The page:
As I write this, I realize that this kind of reading requires mental effort. It is different from simply allowing a text to wash over me or have someone tell me what it says. I suspect that some of what motivates resorting to the “nets” of original languages and commentaries is that we buy the notion that this is a mysterious book that only experts can understand. I also suspect that sometimes, we are looking for a sure fire short cut to understanding. Actually, to really do the biblical scholarship thing right is itself a long-haul proposition and a little learning here may also be a dangerous thing. I can’t believe how many really bad readings of scripture I’ve heard that were prefaced by “the original Greek says.”

Most scholars of great literature will come back to the idea that whatever else you read, you must read and re-read these great texts and soak yourself in them. They are deep and rich with meaning that doesn’t yield itself to a quick, casual glance. And so it has been with my experience with the Bible. When I began reading it, there was much I didn’t get. But there were compelling stories, especially the various encounters Jesus had with people, poetry that gave voice to my longings for God, and instructions in the letters of Paul, John, and others that made sense.

Many who follow this blog are good readers. You know what it takes to read well. Whether you are a reader of the Bible or not, I hope you will do some reading “without a net”. And if you have the time, definitely use the resources of other scholars to enrich your reading. I just hope you won’t spend all your time in the net!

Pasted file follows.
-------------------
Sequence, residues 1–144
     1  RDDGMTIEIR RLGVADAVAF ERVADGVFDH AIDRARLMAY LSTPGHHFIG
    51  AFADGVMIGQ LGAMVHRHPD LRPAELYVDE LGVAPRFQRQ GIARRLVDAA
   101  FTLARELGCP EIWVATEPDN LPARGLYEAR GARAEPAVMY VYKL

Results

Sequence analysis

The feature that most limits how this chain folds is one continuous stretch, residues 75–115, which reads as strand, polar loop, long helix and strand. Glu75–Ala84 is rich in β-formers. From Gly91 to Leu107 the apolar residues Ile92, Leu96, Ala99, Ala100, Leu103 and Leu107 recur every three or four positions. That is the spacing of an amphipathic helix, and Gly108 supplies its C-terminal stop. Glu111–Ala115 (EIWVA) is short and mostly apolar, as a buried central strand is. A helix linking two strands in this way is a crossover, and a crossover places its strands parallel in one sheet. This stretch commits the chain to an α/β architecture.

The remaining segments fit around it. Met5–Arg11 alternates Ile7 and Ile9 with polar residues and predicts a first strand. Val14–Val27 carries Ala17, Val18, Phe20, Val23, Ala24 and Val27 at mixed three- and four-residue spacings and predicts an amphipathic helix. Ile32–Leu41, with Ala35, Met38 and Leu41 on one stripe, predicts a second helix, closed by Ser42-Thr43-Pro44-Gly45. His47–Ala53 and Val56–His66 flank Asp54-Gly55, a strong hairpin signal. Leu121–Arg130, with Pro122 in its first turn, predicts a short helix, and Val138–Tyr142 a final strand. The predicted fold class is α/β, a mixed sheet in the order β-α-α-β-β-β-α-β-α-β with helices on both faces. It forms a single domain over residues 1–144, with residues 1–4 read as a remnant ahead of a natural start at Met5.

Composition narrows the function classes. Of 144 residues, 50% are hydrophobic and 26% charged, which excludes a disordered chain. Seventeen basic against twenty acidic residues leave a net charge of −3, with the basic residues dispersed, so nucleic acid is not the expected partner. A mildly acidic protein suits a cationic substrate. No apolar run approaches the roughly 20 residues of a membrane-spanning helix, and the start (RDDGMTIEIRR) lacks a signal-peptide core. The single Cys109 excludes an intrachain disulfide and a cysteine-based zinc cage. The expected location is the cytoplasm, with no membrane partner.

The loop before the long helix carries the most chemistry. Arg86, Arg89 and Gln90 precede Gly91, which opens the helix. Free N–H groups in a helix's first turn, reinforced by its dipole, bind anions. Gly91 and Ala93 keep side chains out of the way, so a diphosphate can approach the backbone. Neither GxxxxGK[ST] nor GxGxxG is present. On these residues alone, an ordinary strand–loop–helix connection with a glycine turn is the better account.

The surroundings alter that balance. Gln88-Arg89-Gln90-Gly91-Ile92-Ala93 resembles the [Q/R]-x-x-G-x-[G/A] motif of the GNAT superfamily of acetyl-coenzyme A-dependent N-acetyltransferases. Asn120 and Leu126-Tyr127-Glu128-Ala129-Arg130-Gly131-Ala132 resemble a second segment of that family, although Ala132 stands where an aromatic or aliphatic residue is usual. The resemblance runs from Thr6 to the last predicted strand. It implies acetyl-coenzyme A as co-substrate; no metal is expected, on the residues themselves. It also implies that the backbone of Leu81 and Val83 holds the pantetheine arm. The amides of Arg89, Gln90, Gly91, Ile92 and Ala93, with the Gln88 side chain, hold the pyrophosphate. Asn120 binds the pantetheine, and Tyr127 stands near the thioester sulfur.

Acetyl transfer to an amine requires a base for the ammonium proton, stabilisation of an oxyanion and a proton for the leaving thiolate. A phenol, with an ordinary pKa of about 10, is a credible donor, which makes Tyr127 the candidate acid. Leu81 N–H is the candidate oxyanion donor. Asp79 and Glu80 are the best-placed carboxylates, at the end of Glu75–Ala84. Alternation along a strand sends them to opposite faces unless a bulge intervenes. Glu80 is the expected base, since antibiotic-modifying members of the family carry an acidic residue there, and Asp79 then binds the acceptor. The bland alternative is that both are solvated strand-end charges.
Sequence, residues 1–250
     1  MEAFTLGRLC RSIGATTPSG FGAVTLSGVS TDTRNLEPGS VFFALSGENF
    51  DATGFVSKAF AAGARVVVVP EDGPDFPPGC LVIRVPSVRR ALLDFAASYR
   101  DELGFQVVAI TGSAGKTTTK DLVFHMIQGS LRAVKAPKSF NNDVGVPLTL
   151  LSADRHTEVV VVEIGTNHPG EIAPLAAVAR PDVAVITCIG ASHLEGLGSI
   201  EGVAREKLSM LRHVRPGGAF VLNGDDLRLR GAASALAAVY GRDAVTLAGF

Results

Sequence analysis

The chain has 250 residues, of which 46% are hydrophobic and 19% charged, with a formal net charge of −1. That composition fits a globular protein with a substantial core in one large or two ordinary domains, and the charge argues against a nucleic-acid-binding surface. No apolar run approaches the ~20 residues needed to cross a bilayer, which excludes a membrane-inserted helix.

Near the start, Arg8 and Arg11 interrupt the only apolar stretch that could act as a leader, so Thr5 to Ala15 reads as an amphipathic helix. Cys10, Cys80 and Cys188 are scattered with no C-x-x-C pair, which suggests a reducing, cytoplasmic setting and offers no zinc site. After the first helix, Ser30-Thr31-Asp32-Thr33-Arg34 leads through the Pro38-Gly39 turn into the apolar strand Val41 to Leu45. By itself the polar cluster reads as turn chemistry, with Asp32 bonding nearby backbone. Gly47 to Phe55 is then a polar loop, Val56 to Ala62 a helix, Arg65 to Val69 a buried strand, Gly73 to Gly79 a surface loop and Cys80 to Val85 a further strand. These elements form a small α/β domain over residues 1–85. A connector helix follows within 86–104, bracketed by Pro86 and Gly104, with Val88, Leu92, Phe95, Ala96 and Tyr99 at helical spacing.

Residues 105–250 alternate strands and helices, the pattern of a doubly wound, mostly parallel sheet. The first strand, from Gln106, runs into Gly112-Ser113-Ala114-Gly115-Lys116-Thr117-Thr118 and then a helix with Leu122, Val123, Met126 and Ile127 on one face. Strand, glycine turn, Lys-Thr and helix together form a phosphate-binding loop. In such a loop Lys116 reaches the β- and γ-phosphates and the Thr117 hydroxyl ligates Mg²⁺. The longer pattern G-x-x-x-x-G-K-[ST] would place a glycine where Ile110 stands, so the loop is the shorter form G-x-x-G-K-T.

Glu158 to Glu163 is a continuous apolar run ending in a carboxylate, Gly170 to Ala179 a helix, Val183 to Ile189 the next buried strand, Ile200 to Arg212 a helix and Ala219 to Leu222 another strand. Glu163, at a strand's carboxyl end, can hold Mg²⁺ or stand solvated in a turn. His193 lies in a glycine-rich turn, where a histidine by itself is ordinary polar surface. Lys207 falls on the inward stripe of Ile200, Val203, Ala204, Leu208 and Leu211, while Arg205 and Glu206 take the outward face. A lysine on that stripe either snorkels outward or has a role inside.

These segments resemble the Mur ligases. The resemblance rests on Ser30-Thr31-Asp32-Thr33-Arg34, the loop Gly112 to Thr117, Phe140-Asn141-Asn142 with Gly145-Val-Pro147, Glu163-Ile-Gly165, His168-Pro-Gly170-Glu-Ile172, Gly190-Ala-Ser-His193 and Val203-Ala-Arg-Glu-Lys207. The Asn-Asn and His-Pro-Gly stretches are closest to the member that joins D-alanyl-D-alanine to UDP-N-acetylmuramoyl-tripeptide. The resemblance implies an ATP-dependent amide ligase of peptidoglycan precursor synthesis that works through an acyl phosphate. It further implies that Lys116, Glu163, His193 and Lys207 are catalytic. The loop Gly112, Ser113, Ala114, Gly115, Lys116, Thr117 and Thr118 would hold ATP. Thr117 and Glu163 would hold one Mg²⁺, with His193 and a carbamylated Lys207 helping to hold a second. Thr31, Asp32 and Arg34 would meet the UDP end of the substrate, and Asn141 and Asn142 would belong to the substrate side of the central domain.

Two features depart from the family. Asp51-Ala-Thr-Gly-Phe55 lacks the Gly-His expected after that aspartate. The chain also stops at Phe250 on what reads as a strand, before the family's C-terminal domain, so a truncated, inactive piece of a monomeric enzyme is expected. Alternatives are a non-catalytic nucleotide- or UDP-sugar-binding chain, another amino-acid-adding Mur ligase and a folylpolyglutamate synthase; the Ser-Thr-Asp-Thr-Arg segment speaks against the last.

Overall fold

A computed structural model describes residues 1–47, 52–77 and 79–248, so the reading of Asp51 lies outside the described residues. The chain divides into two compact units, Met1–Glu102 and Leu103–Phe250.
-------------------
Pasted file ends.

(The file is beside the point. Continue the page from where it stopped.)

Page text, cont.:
4 thoughts on “Reading the Bible without a Net

  1. Great stuff; thanks. Suggestion: Use a bigger font. I found this impossible to read on my phone. Once I made it big enough to read, each line was far bigger than the screen, so I’d have to scroll left to right as well as up and down. But obviously the article was well worth reading, because I made a point of getting to my computer so I could read the whole thing. I’m a preacher, and needed a little inspiration and encouragement this week. The passages speak to me, but I haven’t yet figured out how they might speak to my congregation, who, for the most part, doesn’t really want to hear about the Bible much but would prefer a psychological how-to speech based on perhaps one random word in the readings. I’m glad to be reminded that “God provides illumination as we study scripture” and that “God wants to communicate meaningfully and intelligibly with us” — and, I pray, through us if we’re preachers.

  2. Beautifully said, Bob. I especially like your description, “developing the ‘high wire’ artistry of reading the scriptures well.” I have found that staying with the text and reading it the way you described (without giving in to the impulse to reach for a net), often reveals layers of meaning we may not have encountered in a commentary. Thanks for elaborating on this in such a helpful way.

    • Thanks! Coming from someone who writes of “the layers of meaning we may not have encountered in a commentary” (a wonderful phrase that gets at exactly what I’m talking about) is a compliment indeed. Looking forward to the next Quietkeepers post!